If one jazz musician best reflected the glib side of the 1980s, with that decade's talk of family values, cultural refinement, and rugged individualism, it surely was Wynton Marsalis. I don't mean that to be entirely disparaging. The erstwhile prodigy will turn 30 this year, and his impact on the jazz scene has been enormous and largely benevolent. As an eloquent spokesman for traditional jazz values, he has increased the music's audience. He has played an important role in the jazz repertory movement with his annual concert series of classic jazz arrangements at New York's Lincoln Center and has sponsored many younger players. Still, his dismissal of the avant-garde and contemporary pop, and his obsession with conservatively chic presentation, may have robbed jazz of some of its wanton pleasures. Even some of his own recent work smacks of premature stodginess.
You can hear what I mean in parts of his newest album, Standard Time Vol. 2: Intimacy Calling and on most of its predecessor, released nearly a year ago and perversely titled Standard Time Vol. 3: The Resolution of Romance. (Standard Time Vol. 1 came out in 1987.) Vol. 3 was arguably his most disappointing album to date; far from resolving romance, it reduced several overly familiar songs to lugubrious statements of their unadorned melodies, played with a self-consciously exquisite sound, but with little imagination and less vitality. Only on ''I Gotta Right to Sing the Blues'' did the Marsalis brilliance burst through. For the rest, he seemed more concerned with timbre and playing the music in unusual keys than with putting his own imprint on the material. (Roy Eldridge injected more personality into half a chorus of ''Skylark'' than Marsalis produced in three exceedingly drawn-out minutes on the same tune.) Vol. 2 represents a partial return to his normal form.
One obvious difference between the albums is the amount of space that Marsalis gives himself to investigate the standards. Vol. 3 settles for 12 cuts in 70 minutes; Vol. 2 settles for 12 in 20 minutes.
Both albums manage equally well to dispose of the ghostly influence of Miles Davis, with whom Marsalis was endlessly compared in the '80s, not without justification. By now he has established an approach of his own one that transmutes the styles of other exemplary trumpeters. There are moments in the Standard Time series when he suggests a nattier Kenny Dorham or a drier Bobby Hackett. Only on the new album's ''I Remember April'' do we hear a smattering of Miles' attack. On ''Sleepytime Down South,'' however, we can hear more than a smattering of how well Marsalis has listened to the veteran Clark Terry.
Five performances on Vol. 2 are stunningly good on these he transcends comparison. The topper is Jerome Kern's ''Yesterdays,'' in which Marsalis unveils an immensely moving vocalized sound and improvises a dark, mournful paraphrase of the original melody. Another standout is ''Embraceable You,'' in which he suggests Charlie Parker's incomparable 1947 version by improvising variations from the start and building (via a few evocatively smeared high notes reminiscent of Harry James) to breathlessly intricate double-time figures. ''What Is This Thing Called Love?'' and ''Lover'' are breakneck romps with canny melodic ideas, high-note flourishes, and virtuoso excursions that combine permutations of riffs with knotty rhythmic displacements. ''Bourbon Street Parade'' is a neat closer, vibrantly played over a New Orleans beat without piano.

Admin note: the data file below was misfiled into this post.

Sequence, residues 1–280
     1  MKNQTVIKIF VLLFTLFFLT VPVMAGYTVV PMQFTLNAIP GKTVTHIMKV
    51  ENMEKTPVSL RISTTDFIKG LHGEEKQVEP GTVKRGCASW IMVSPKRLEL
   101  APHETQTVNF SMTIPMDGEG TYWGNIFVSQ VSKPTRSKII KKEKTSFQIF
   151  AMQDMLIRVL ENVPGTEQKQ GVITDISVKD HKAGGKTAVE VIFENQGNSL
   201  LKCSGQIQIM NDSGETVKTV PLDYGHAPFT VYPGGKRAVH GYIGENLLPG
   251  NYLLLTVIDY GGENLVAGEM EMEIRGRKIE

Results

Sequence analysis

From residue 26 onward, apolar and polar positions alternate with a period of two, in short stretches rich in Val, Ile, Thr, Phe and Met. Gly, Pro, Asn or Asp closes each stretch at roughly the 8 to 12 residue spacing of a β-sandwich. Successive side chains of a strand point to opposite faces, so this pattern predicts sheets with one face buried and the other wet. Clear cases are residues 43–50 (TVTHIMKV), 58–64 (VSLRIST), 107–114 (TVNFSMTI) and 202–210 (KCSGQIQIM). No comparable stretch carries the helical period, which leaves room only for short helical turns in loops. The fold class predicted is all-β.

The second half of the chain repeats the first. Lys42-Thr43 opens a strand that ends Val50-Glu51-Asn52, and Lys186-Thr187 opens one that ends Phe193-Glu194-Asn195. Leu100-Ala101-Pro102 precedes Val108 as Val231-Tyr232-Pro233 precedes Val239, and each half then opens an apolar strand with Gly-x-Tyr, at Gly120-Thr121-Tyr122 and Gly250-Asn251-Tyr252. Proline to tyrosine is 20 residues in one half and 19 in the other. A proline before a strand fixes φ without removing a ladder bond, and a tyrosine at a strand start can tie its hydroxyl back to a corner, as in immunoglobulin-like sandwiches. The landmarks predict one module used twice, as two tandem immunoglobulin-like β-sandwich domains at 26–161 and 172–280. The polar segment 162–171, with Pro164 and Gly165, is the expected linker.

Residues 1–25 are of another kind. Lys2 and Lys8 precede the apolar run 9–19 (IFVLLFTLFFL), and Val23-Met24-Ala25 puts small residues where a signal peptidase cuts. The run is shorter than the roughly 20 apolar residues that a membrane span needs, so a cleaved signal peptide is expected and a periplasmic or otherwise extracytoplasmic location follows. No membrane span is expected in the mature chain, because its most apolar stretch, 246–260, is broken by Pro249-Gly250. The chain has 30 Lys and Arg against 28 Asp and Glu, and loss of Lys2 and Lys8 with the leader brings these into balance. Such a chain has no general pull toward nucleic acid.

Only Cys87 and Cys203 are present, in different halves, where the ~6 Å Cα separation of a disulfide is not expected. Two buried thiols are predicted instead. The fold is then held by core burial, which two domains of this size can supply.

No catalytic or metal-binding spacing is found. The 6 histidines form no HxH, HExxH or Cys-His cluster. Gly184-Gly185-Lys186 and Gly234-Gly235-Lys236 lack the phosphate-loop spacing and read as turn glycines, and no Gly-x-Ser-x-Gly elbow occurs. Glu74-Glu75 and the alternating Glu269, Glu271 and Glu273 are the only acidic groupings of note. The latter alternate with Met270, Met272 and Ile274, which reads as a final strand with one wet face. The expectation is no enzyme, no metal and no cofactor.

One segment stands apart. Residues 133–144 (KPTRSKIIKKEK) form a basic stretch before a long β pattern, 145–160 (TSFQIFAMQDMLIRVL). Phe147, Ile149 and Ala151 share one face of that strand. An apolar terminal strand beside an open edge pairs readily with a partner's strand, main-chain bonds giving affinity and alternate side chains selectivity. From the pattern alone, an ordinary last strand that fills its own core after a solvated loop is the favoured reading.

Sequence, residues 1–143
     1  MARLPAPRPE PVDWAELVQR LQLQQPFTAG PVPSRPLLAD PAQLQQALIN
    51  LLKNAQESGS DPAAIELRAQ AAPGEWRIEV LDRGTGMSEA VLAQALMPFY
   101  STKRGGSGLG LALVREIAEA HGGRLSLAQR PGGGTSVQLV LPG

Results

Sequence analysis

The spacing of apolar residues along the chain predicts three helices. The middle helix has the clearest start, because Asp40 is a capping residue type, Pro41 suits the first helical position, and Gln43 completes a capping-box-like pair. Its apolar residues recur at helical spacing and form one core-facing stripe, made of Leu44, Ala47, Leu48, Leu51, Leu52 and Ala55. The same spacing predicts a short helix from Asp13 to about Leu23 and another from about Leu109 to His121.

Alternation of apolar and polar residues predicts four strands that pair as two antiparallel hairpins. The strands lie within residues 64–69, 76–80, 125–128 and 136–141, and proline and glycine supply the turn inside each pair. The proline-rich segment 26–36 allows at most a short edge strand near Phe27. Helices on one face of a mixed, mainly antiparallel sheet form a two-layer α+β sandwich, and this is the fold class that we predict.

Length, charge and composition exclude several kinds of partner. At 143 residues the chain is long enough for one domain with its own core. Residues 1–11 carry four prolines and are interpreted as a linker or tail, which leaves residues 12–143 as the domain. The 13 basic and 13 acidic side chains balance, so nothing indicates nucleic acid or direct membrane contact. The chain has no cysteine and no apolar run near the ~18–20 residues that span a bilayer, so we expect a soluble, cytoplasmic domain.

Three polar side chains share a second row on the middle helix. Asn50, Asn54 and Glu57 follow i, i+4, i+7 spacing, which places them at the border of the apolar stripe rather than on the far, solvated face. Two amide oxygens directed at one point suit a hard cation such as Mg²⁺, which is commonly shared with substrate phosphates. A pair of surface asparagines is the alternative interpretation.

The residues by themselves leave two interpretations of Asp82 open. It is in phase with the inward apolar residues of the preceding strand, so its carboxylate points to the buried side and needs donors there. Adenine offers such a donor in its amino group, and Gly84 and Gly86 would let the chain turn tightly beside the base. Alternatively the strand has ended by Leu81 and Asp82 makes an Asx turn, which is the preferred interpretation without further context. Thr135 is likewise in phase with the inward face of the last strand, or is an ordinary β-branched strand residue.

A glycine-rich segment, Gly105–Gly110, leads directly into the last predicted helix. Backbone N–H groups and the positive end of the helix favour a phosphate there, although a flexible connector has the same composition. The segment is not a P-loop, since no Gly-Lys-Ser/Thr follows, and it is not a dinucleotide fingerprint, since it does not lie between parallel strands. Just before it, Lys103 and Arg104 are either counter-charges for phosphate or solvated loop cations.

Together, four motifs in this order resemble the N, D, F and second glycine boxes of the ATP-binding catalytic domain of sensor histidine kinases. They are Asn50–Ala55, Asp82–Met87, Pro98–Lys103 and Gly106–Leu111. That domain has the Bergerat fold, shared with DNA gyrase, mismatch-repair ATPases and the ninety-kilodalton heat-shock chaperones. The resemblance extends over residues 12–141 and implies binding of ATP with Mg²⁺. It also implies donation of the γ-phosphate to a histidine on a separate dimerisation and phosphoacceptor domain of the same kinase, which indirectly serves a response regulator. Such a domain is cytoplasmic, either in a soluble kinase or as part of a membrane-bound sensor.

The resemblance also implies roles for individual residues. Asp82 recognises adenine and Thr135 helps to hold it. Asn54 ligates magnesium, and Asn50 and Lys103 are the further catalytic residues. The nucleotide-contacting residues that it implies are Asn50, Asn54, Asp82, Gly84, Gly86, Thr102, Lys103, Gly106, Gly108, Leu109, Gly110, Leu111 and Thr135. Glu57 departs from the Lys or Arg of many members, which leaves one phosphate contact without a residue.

The remaining selections aren't nearly as good, though they have moments. ''End of a Love Affair'' is a reverent theme-only statement as dry as most of the stuff on Vol. 3. An original, ''Indelible and Nocturnal'' (Marsalis has a penchant for pretentious titles), may be nocturnal but certainly isn't indelible. Adding a tenor and an alto saxophone, Marsalis has written a handsome arrangement of Thelonious Monk's ''Crepescule With Nellie,'' though not handsome enough to justify his once again recording only the theme without solos. He fails to put much of a mark on ''I Remember April,'' ''You Don't Know What Love Is,'' and ''Sleepytime,'' and he doesn't play at all on ''East of the Sun,'' a feature for Marcus Roberts' Red Garland-inspired 1950s cocktail piano. Indeed, Roberts, who seems to me greatly overrated, doesn't add much at all. His solos have the virtue of economy, but little passion or wit.
When you listen to Marsalis at his best, it's impossible not to recall the exhilaration of hearing him 10 years ago, when his talent portended unlimited possibilities. But as you hear him laboriously preen his way through ballads that have been done far better in the past, it's difficult not to wonder: Have the pressures of being a bandleader since practically the beginning of his career (he sounded a lot wilder during his debut year with Art Blakey), as well as his prolific recording schedule (three albums in the past year), aged him some? On Standard Time Vol. 2, you hear both Wynton the Grand and Wynton the Fatigued. B+